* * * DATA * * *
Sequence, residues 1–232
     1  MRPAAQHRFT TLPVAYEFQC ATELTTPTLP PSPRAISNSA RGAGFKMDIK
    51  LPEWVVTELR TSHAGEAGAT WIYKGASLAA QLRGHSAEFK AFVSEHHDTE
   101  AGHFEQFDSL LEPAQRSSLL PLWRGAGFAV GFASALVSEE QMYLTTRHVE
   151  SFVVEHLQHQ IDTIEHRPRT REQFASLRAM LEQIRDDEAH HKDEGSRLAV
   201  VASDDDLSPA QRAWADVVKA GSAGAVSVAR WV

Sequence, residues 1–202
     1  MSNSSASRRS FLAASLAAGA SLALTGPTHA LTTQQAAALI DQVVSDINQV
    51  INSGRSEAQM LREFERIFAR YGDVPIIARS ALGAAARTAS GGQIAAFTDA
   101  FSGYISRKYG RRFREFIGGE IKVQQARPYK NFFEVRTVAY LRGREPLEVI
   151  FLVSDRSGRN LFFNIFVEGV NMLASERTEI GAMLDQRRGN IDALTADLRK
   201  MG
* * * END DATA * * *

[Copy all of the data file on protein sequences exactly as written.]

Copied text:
Sequence, residues 1–232
     1  MRPAAQHRFT TLPVAYEFQC ATELTTPTLP PSPRAISNSA RGAGFKMDIK
    51  LPEWVVTELR TSHAGEAGAT WIYKGASLAA QLRGHSAEFK AFVSEHHDTE
   101  AGHFEQFDSL LEPAQRSSLL PLWRGAGFAV GFASALVSEE QMYLTTRHVE
   151  SFVVEHLQHQ IDTIEHRPRT REQFASLRAM LEQIRDDEAH HKDEGSRLAV
   201  VASDDDLSPA QRAWADVVKA GSAGAVSVAR WV

Sequence, residues 1–202
     1  MSNSSASRRS FLAASLAAGA SLALTGPTHA LTTQQAAALI DQVVSDINQV
    51  INSGRSEAQM LREFERIFAR YGDVPIIARS ALGAAARTAS GGQIAAFTDA
   101  FSGYISRKYG RRFREFIGGE IKVQQARPYK NFFEVRTVAY LRGREPLEVI
   151  FLVSDRSGRN LFFNIFVEGV NMLASERTEI GAMLDQRRGN IDALTADLRK
   201  MG